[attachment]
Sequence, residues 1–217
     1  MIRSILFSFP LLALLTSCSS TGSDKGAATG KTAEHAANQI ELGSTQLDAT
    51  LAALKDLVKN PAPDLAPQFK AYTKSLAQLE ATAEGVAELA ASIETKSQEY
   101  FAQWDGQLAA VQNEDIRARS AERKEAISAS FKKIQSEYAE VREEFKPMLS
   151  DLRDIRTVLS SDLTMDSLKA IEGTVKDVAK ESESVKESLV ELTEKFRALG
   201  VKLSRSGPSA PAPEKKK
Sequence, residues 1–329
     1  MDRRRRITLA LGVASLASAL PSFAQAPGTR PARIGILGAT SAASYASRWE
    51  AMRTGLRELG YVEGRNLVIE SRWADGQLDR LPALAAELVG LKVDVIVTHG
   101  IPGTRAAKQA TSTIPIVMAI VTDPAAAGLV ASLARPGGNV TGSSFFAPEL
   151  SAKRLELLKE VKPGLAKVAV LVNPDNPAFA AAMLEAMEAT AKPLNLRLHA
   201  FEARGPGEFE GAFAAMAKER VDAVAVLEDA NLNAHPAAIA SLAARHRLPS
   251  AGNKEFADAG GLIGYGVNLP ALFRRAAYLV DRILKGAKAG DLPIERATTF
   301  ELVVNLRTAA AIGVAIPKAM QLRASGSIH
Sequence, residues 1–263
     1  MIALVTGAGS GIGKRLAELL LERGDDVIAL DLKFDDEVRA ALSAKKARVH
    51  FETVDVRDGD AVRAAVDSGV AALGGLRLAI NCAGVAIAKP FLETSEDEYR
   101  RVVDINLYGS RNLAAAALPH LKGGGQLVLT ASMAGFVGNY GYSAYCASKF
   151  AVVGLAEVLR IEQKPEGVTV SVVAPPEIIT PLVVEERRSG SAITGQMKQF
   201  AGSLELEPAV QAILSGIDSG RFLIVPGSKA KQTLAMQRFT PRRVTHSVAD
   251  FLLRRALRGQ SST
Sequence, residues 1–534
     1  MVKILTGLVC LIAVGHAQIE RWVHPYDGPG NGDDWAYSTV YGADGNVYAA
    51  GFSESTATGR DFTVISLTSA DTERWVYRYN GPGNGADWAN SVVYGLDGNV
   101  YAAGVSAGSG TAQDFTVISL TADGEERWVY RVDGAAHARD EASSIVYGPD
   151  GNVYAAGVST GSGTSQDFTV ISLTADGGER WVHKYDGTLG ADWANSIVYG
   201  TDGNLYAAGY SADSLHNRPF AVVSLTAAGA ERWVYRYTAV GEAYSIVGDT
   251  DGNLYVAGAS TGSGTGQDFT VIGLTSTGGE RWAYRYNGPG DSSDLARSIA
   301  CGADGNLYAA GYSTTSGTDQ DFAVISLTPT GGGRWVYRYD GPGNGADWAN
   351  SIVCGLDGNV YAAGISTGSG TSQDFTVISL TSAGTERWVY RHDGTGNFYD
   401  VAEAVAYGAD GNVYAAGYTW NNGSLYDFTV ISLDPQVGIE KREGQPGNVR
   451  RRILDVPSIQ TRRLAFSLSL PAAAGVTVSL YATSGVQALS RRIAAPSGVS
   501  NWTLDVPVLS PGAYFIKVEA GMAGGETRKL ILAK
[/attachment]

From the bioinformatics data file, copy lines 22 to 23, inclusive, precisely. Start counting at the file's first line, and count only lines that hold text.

Sequence, residues 1–534
     1  MVKILTGLVC LIAVGHAQIE RWVHPYDGPG NGDDWAYSTV YGADGNVYAA